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Here is an interesting fact: bullying itself is not against the law (in case you’re interested, that’s taken directly from the webpage on workplace bullying no less). And it’s true: in the UK there is no freestanding legal claim for bullying that employees can bring to the Employment Tribunal (or any other UK court for that matter). By extension, there is also no legal definition of bullying.

Legal issues for employers

Before you breathe a collective sigh of relief, however, this does not absolve employers from responsibility for bullying. Let’s also consider these equally interesting facts:

  • Although it is not possible to make a claim for bullying in isolation, it is possible to bolt it on to something else. For instance:
  • An employee might be able to bring a claim for harassment under the Equality Act 2010 if the unwanted conduct is related to a protected characteristic (eg sex, race, age, disability etc), and it has the purpose or effect of either violating the victim’s dignity, or creating an intimidating, hostile, degrading, humiliating or offensive environment for them.
  • If an employee can show that they are being bullied because of a protected characteristic, they may also be able to claim that the behaviour amounts to direct discrimination.
  • An employee suffering from bullying might also be able to claim under the Protection from Harassment Act 1997, which prohibits anyone from pursuing a “course of conduct which amounts to harassment,” which that person knows or ought to know amounts to harassment. Significantly, there is no need to show that the conduct is based on a protected characteristic. Employers can be vicariously liable for harassment under the Protection from Harassment Act and, unlike harassment under the Equality Act, there is no “reasonable steps” defence available.
  • If an employee feels that it is no longer possible to carry on working because of the bullying they are suffering in the workplace, they may argue that this amounts to a breach of the implied term of trust and confidence, entitling them to resign and claim constructive unfair dismissal.
  • A complaint about bullying may, in some circumstances, amount to a protected disclosure under whistleblowing legislation (for example, if it breaches a legal obligation – such as discrimination – or if it relates to the health and safety of any individual – see below). In those cases, employees will be protected against detriment or dismissal as a result of making such a disclosure.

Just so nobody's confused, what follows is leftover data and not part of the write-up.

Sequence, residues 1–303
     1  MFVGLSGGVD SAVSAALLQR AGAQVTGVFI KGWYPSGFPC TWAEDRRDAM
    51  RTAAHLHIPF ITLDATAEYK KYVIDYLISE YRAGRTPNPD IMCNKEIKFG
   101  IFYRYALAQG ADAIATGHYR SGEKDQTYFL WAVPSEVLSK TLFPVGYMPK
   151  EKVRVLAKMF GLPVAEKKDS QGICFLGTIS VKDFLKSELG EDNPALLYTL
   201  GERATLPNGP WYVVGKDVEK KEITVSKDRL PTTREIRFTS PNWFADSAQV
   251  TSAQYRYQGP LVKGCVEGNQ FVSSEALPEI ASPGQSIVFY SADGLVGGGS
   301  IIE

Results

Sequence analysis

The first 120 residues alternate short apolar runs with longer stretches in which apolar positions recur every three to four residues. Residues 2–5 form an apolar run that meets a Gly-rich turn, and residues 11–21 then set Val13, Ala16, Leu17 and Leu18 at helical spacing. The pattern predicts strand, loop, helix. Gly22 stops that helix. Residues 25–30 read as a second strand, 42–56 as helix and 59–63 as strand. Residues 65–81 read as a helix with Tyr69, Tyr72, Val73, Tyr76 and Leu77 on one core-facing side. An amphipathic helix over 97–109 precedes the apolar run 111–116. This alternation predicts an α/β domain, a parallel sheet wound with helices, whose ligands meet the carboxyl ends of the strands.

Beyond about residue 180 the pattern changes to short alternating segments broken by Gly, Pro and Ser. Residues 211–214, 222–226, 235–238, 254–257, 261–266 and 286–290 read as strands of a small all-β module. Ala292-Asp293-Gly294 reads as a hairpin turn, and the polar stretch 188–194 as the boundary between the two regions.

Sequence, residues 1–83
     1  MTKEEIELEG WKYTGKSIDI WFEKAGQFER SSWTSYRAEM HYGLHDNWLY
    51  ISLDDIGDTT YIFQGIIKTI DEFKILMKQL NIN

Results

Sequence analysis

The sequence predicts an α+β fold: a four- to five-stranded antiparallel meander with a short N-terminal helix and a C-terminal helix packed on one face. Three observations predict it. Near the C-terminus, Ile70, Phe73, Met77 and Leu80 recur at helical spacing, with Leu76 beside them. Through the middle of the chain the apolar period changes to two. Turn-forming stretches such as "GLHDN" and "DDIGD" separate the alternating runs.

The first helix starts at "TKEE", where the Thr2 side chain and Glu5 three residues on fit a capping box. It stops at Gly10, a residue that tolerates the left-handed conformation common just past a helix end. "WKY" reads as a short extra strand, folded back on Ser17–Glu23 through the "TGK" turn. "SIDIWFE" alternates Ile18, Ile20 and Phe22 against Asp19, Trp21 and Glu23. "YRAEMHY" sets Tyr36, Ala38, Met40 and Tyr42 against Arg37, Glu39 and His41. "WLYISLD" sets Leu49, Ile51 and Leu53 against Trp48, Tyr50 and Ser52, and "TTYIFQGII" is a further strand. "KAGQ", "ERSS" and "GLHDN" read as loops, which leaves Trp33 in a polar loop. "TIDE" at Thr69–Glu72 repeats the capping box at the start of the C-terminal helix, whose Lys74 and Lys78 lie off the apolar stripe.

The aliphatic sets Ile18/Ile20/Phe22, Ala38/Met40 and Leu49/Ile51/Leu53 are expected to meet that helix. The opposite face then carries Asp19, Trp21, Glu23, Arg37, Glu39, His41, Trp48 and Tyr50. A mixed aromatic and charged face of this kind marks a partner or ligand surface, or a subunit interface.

• Employees who are bullied may well suffer from stress-related illness as a consequence of the bullying. While there is no specific legislation that requires employers to prevent stress at work, in the context of bullying-related stress it is important to bear in mind the following:
  • Employers are under a specific statutory duty under the Health and Safety at Work Act 1974 to ensure so far as is reasonably practicable the health, safety and welfare of their employees. The Management of Health and Safety at Work Regulations 1999 require employers to undertake a “suitable and sufficient” assessment of the health and safety risks that employees are exposed to at work, including identifying measures to try to prevent and combat risks at source. Breach of these may result in employers facing enforcement action by the Health and Safety Executive, including criminal sanctions in serious cases.
  • There is also a common law implied duty which requires employers to take reasonable care of their employees’ safety. This extends to ill-health caused by stress. A breach of this might give an employee a personal injury claim under the tort of negligence.
  • A study by Acas at the end of 2015 estimated that the annual economic impact for businesses of bullying-related absences, staff turnover and lost productivity was almost £18bn. 

This makes it abundantly clear that the impact of a poor organisational culture, in which bullying is allowed to take place unchecked, cannot be underestimated. It can lead to low staff morale, high staff turnover, legal claims, and reputational and financial risk.

The crucial question therefore is what to do about it, which I will address in detail in a second blog on bullying next week.

The crucial question therefore is what to do about it, which I will address in detail in a second blog on bullying next week.

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